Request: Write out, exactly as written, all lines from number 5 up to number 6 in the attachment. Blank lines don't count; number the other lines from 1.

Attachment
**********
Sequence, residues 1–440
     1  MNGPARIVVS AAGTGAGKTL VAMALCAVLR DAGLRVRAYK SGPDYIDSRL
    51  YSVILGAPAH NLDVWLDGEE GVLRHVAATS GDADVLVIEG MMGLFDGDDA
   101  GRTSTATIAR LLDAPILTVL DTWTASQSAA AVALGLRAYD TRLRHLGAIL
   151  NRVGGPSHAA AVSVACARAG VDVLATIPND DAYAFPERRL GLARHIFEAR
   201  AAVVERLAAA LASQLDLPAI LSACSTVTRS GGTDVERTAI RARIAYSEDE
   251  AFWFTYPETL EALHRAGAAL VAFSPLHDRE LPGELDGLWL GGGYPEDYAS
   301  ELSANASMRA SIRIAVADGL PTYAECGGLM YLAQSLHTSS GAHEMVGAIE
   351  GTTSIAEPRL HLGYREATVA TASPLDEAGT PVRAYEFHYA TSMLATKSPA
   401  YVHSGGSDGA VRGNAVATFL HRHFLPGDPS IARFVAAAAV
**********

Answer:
   151  NRVGGPSHAA AVSVACARAG VDVLATIPND DAYAFPERRL GLARHIFEAR
   201  AAVVERLAAA LASQLDLPAI LSACSTVTRS GGTDVERTAI RARIAYSEDE